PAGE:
This FIU grad named his new Web entertainment startup after the famous magician and escape artist. Here's a typical day on the job
I am president of Hoodiny Entertainment Group, a Miami-based company that provides digital services for the Hispanic entertainment industry. The idea came about while I was working at Terremark Worldwide (TWW). I saw the growth and success that Web 2.0 companies (MySpace, etc.) had in the U.S., with no comparable model for Spanish-speaking markets, including the U.S. Hispanic market (see BusinessWeek.com, 7/12/06, "How to Tap the Hispanic Market"). As for the company name, I've always been a fan of Houdini's and we wanted to escape the status quo that exists in the market.
Hoodiny's core project is called elHood.com—a Web site that combines a digital-entertainment experience with a social-networking platform. The site has already attracted thousands of artists, who set up profiles to connect with fans. We earn money primarily by selling ads.
As president, I'm in charge of developing and executing the strategic direction while overseeing day-to-day operations. This being my third startup (my other two are BroadSpan Capital investment bank and Tiles & Stones tile and marble retailer), I sort of knew what I was getting into. But no two companies are ever the same. In Hoodiny's case, I was blessed to find an initial set of investors that believed in me and funded the idea while it was still a PowerPoint presentation. That allowed the team to start Hoodiny without a major lifestyle impact.
Looking at the past months, I'm surprised at the rapid evolution of the company. We didn't expect to have such a welcoming response from major music labels, since this is brand-new territory for them. I went from being pretty much an outsider in the entertainment world six months ago to talking to heads of major music labels today.
Hoodiny has a familial environment—literally. My 30 full-time employees include my mom, dad, brother, and sister-in-law. Here is a typical day in my world:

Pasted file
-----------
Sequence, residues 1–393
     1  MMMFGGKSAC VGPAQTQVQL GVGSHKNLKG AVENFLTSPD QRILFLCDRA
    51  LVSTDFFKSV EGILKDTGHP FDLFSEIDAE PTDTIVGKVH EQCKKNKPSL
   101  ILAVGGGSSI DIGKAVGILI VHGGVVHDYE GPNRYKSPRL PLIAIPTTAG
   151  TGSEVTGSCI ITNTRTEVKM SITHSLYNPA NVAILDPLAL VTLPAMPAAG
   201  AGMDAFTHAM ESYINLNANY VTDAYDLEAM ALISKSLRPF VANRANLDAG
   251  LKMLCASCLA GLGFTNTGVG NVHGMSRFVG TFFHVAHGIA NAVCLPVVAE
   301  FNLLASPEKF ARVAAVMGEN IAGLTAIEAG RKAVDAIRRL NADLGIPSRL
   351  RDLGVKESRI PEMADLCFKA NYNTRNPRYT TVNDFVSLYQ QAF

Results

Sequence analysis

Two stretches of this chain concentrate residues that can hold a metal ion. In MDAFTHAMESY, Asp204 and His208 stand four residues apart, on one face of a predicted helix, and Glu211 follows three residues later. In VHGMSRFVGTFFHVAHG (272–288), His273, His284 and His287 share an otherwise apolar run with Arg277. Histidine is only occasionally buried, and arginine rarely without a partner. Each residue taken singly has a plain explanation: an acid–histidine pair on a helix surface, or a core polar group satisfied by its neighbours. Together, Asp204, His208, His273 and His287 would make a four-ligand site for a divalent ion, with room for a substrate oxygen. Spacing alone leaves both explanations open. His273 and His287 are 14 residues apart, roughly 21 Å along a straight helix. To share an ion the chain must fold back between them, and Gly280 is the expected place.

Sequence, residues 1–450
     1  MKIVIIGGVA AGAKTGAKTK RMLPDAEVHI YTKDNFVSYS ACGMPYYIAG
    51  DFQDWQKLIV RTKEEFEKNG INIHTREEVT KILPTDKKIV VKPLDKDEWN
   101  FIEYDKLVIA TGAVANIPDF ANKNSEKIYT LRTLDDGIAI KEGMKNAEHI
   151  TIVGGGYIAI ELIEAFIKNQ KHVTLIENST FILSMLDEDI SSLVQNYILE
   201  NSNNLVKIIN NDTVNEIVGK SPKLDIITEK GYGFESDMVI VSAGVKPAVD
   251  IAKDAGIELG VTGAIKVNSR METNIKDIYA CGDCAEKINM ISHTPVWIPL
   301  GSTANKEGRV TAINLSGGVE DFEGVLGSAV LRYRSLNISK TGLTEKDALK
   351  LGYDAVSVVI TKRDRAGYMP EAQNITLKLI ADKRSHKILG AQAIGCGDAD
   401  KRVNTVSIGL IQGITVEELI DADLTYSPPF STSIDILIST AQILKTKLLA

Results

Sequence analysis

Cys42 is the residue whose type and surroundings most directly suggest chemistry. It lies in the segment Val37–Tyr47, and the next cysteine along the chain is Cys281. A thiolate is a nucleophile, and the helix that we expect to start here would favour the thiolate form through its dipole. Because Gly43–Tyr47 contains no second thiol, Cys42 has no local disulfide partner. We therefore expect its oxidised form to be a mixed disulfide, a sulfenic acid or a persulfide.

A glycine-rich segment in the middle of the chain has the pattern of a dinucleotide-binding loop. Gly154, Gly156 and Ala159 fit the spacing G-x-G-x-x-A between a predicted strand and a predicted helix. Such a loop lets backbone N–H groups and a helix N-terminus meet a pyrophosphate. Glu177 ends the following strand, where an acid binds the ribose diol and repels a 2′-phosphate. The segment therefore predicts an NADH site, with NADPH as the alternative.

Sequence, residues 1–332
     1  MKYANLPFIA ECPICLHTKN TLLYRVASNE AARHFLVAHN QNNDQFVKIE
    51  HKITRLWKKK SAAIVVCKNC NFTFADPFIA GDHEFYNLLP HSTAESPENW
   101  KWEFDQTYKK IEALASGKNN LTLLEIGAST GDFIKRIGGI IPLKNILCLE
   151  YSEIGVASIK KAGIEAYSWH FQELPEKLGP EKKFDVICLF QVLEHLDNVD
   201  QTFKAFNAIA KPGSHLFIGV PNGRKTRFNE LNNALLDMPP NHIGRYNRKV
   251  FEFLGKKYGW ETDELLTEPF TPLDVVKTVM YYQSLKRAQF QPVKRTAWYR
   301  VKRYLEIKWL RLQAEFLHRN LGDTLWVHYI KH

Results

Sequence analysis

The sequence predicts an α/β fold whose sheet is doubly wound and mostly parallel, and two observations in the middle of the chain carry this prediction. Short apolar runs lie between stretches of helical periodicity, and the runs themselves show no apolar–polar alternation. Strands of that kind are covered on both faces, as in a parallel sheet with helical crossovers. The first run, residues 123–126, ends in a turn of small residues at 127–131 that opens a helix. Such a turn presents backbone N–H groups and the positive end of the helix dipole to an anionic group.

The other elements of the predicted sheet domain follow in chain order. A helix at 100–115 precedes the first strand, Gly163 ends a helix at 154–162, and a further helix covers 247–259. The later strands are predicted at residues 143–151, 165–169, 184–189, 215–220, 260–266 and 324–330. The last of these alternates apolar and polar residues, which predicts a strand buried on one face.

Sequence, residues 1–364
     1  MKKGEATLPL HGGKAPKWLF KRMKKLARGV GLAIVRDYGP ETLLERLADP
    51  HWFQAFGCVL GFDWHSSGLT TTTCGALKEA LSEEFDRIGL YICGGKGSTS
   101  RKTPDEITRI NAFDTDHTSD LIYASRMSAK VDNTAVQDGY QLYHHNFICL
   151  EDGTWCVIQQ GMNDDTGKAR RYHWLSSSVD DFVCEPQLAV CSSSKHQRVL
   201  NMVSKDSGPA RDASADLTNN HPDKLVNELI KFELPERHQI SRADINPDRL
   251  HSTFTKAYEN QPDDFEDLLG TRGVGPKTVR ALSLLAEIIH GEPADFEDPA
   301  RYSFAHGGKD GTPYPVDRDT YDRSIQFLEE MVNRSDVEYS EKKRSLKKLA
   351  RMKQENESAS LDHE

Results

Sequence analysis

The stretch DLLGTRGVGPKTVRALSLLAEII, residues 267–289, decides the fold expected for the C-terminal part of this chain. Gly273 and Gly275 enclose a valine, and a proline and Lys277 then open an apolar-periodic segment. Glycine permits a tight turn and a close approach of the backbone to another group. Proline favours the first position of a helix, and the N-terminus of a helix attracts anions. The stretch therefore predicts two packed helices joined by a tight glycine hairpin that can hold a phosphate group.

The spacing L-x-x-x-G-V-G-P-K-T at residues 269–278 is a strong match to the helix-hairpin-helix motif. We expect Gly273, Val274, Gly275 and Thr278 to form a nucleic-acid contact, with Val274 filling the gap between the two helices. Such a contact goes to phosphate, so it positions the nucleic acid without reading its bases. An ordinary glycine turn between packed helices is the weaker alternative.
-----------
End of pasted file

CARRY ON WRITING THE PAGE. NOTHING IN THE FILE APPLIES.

7:00 a.m.—I start my day at the gym with my fiancé Ainniz. Sharing a training session in the morning is a wonderful way to start the day.
8:15 a.m.—On my way to work, I place a call to our Madrid office to see how things are going.
8:45 a.m.—I get to the office. There are a few e-mails from Europe, but my inbox is pretty clean since I reviewed most messages before going to sleep last night. I sit down with my brother Ariel to go over some new designs and functionalities we will send to our chief technology officer for development in the coming days. My brother is the design guru, making my ideas come to life.
10:00 a.m.—I have a conference call with bankers to go over materials for investors. We review the financial model, validate some of the assumptions, and put final touches on the business plan. We close the call by reviewing the target list of new investors we will approach during the financing process.
11:30 a.m.—I leave the office for lunch with a music-label executive. On my way, I place a call to our Los Angeles office to speak to the CTO about the status of a new software release and the chief operating officer about the marketing campaign we launched last night with a new artist.
Noon—Lunch poolside at a Miami Beach hotel. I can't get over the fact that on this beautifully sunny day, I need to go back to the office for another seven hours. During the meeting, we reach an agreement: Now, all of the artists of his label will call elHood home.
2:00 p.m.—I'm half an hour late to a presentation with the audiovisual manager, here from Spain to show senior management the latest creations. We love them!
2:45 p.m.—I can finally sit down with Outlook. By this time, dozens of e-mails have accumulated.
5:00 p.m.—I have a strategy session to discuss some new ideas for elHood TV. Launching in about a month, elHood TV will have the social aspects of a YouTube-type mechanism but will behave like a television. Video channels will be generated by proprietary algorithms based on your preferences and your friends' preferences.
7:30 p.m.—I pick up Ainniz for dinner and tell her about a little surprise. Before dinner she's going to enjoy one of the fringe benefits of my job—front-row tickets to Ricky Martin's MTV Unplugged concert. She deserves it for all her patience and support during these very demanding times.
11:45 p.m.—We arrive home after an incredible performance, quiet dinner, and an hour of networking at the official after-party. Exhausted, I check a few e-mails but must leave about 50 unread messages for the morning. It has been a long, long day.
My undergraduate degree from Florida International University's College of Business Administration was definitely the catalyst that allowed me to jump-start my career. Without it, I might never have gotten into Wall Street's selective investment banking sector, which provided me with the skills and experience I credit for my successes as an entrepreneur.
When I look for new candidates for my company, I don't only look at degree and GPA. I ask, What have they accomplished while at school? Did they have to work a job to pay for tuition? Were they involved in the community? Did they complement academic with practical experience? How badly did they want to succeed?
I maintain a very close relationship with FIU as chairman of the Alumni Circle of the College of Business Administration. I plan to go back once my schedule and company allow to get an MBA (see BusinessWeek.com, 8/7/06, "B-School Is Hip Again"). I'm a strong believer in personal growth. There's always something to be learned at school.